Belgium was the first European country on the continent in 1835 to build a railway system. Nowadays a great number of Belgian cities can easily be visited by train.
Belgian trains are operated by NMBS/SNCB. Major stations are Bruxelles-Midi / Brussel-Zuid, Brussel-Centraal, Brussel-Noord, Antwerpen-Centraal, Gent-Sint-Pieters and Luik-Guillemins. You can travel from Brussels to Antwerp in less than 1 hour, from Bruges to Ghent in 30 minutes, from Ghent to Antwerp in 50 minutes.
Trains usually have 1st and 2nd class seats. Most international high speed trains have a bar open to all passengers. Here you will find a wide range of drinks, snacks and light meals. In some international daytime trains, a minibar is brought through the carriages, offering an assortment of drinks, sweets and snacks.
Bikes are allowed on most trains upon purchase of a special bike ticket. For some international trains a reservation is required. Trains do not always have a dedicated space for bikes; leave it in the vestibule area or consult the ticket inspector.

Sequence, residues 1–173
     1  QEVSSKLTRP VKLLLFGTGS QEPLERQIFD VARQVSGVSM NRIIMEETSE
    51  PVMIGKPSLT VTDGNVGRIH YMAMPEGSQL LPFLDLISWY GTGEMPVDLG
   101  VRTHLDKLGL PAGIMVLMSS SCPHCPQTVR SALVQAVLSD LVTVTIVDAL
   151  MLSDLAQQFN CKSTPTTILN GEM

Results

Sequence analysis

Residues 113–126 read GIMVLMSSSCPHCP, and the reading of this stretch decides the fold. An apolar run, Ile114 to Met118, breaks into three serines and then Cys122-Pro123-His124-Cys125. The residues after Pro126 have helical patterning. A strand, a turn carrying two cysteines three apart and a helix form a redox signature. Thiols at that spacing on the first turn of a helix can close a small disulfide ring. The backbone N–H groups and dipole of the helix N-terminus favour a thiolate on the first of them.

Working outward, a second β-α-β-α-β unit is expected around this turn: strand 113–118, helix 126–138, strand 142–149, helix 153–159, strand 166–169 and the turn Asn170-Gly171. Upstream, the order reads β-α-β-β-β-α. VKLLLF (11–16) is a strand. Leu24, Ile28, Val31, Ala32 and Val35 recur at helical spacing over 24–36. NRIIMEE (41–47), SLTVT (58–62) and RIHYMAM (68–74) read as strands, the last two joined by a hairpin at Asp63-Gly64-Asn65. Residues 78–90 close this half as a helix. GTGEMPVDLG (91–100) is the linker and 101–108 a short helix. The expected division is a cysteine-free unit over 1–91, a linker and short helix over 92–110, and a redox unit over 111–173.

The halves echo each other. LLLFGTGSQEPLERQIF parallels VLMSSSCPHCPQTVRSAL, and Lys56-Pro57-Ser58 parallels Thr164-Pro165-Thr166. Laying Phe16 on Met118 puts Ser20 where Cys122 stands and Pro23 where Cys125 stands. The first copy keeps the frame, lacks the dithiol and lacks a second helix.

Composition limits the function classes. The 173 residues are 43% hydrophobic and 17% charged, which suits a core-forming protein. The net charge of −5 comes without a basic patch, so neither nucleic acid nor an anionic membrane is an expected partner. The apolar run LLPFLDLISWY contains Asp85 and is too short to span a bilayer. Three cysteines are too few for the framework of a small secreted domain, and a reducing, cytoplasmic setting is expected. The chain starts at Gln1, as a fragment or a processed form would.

Whether reservations are required in Belgium depends on the type of train you are using:
- Intercity (IC): reservation not required
- InterRegio (IR) and Local (L): reservations not possible
- Thalys (THA), InterCity Express (ICE), TGV and Eurostar (E) international high speed trains: reservations required
The only domestic trains in Belgium that require a supplement are trains from and to Brussels airport. The supplement of € 2,20 can be bought in the station or train.
Belgium has direct train connections to the Netherlands, Luxembourg, France and Germany. You can travel from Antwerp / Brussels to Amsterdam by hourly InterCity trains. The direct connection between Brussels and Paris is only possible with the Thalys high-speed train. Reservations are required.
There is also a fast connection to London by Eurostar. This train is not included in the InterRail pass, but a special pass holder fare is available.